Default to Yes
Eric Miller is an avid camper and traveler who loves traveling all around the globe. He's camping for an entire year in Boston and is doing a Harvard disaster medical fellowship. Eric has been a paramedic for almost 40 years, did ski patrolling in Colorado for 15 years, and spent several months in places like McMurdo, Antarctica, and Nathaniel Palmer. During his interview with Jackery, Eric shares his life stories as a camper and traveler.
1. Who are you, and what is your background?
I'm Eric Miller, a critical care nurse and paramedic by trade who travels all over the world. I'm also a commander in the US Air Force with four medical bases — one in Denver, one in Vandenberg in California, and two in Colorado Springs.
I have a “default to yes” philosophy with three main criteria. Number one: Do I find the idea interesting, remotely interesting, or something I've never considered? If it's interesting, I check it based on number two — it has to be a great story. My life is one story after another. I'm the Forrest Gump of real life, and so should be the idea.
Then comes the third criterion: Does it create a new relationship, or does it deepen and strengthen an existing relationship? If it meets all the three criteria, my answer is always yes. And this has led me to an unbelievable lifestyle.
2. How did you use Jackery?
I'm actually in a Harvard disaster medicine fellowship. Currently, I'm living in a tent in Boston. Since I live in a campground area, there's no electric outlet or power supplies available.
I use the Jackery battery system to power my Dometic freezer, phone, and other electronic devices. Prior to using Jackery in my tent, I used this solar power station and panels to keep my devices powered on five acres in Colorado that had no power supply.
I'm an entrepreneur, so company stories are big to me. I love Jackery's story, and that's what made me buy your solar power system. The Jackery system is phenomenal and keeps my devices, like the refrigerator, powered.
3. Do you use Jackery mainly for camping?
I'm living in Boston and going to Harvard. I am currently camping for an entire year in Boston. I use Jackery for it. But I'm also doing a disaster medicine fellowship in which we carry Jackery battery technology coupled with solar to the disaster zones.
4. What is your crazy camping story?
I worked in the backcountry in Yellowstone, I spent 95% of my life in the backcountry. I've been a paramedic for almost 38 to 40 years, did ski patrol for 15 years, and got a book on the history of Colorado. I spent several months in McMurdo and Antarctica. I also visited the most remote medical outpost on Earth, Nathaniel Palmer. It's an icebreaker where one can actually be 18 days away from any kind of definitive metal source.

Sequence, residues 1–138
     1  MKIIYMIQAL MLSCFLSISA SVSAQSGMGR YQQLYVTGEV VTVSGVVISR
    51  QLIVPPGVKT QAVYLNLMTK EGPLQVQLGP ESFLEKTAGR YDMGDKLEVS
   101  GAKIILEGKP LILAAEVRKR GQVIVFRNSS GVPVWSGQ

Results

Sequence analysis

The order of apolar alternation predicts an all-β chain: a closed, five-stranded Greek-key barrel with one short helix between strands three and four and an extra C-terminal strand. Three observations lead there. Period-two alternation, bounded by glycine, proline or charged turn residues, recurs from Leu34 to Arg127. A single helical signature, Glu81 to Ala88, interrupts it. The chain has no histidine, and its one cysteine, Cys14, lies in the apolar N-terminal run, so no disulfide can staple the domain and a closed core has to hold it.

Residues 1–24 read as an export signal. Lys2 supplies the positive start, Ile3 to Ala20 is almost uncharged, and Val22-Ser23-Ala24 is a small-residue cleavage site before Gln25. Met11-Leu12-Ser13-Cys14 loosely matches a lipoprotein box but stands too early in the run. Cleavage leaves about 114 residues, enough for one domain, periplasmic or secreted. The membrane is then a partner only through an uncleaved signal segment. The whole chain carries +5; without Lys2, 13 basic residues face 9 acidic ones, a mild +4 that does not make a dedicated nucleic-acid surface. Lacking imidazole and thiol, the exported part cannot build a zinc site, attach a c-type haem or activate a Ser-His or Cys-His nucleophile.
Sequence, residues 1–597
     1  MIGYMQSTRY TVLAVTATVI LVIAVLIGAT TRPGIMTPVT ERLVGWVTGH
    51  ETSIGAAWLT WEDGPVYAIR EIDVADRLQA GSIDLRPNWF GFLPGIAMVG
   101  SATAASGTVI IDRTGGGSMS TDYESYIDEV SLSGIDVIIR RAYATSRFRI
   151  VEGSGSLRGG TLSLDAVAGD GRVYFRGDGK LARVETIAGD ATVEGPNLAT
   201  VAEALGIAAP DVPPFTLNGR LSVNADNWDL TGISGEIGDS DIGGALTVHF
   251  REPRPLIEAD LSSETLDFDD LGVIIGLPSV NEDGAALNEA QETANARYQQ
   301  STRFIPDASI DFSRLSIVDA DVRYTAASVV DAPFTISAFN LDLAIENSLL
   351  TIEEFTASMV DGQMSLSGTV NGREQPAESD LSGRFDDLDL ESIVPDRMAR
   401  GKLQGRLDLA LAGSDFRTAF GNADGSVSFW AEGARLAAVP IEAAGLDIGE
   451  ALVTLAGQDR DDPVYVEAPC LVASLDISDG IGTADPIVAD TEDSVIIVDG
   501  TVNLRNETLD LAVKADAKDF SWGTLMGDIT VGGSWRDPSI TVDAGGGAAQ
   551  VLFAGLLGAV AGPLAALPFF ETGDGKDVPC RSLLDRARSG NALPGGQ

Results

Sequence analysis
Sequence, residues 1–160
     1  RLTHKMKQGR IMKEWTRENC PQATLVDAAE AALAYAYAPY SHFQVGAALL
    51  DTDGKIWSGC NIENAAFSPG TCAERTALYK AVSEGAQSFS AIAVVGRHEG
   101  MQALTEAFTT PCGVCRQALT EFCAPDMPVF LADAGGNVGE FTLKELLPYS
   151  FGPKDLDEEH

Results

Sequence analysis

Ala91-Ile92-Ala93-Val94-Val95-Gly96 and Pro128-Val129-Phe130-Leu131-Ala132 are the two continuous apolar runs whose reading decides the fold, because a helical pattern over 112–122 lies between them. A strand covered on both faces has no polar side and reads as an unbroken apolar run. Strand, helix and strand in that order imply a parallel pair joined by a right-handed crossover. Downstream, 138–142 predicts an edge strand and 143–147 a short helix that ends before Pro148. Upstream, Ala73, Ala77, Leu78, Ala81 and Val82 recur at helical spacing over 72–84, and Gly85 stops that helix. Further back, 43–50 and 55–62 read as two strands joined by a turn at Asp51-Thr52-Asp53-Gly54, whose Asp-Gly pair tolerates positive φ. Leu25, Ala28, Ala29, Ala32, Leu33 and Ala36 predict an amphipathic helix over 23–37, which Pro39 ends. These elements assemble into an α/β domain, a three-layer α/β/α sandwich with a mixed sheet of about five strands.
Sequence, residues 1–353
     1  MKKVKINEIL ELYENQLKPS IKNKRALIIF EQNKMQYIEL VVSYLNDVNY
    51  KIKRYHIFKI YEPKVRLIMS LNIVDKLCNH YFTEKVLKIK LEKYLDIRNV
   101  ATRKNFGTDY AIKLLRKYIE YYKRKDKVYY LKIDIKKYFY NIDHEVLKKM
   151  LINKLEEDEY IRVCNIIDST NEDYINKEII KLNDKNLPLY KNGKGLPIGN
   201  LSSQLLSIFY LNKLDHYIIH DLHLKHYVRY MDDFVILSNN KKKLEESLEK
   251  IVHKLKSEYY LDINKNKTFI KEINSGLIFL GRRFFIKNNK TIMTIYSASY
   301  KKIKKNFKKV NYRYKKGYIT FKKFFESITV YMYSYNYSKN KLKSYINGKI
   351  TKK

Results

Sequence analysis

On our way back, we had some whiskey bottles. It was a dry ship, so we didn't drink any (wink), but we sealed the letters and bottles on January 20, 2019. We threw the bottle in the ocean and did Thanksgiving.
Later, I got a message from a girl that she found the bottle. She sent me a video, and I had them plot the bottle. With a bunch of oceanographers doing climate research, they found how the bottle traveled, and it was amazing.
5. Do you have any advice for someone looking to start a similar lifestyle?
There's a great book — “The Comfort Crisis by Michael Easter” — that reveals how comfortable we've become. Most people never go within about an eight-degree temperature variation in their lives anymore. We walk outside of our air-conditioned car to an air-conditioned house and air-conditioned business.
Many people have romanticism about van life, tent life, or other outdoor adventures. It's an inconvenient life, not a hard one. I know the places where you can see a truly hard, inconvenient, and uncomfortable life — I kind of like it. The current generation has never really experienced a need for true grit.
My generation has forgotten about the World War Two generation, and my father's generation is all dying off now, but they had grit. Jackery provides an opportunity for people to start to get their grit back in. Jackery solar systems provide them with conveniences by powering all devices.
The light on the Explorer 1000 Pro is very clever. The different plugins are great as well. Jackery provides an opportunity for people to help exercise their grit muscles. The smaller systems are perfect for that. I also think people really resonate with American-based companies.
Jackery has a great story that should be told, and it's really cool when employees are great users of the product. And, of course, you highlight customers, so it's always nice.
Power is the central function of medication transport, food preservation, and a lot of different stuff. Jackery has very powerful products. It's more than just camping in the outdoors. You have products that can save lives in a way that other things can't. You have already brought solar energy accessible to everyone, which is quite awesome.
You can learn more about Eric from his webiste ericmalsbury.com , and flyingfocker on instagram.
Eric shares more photos of his story with Jackery.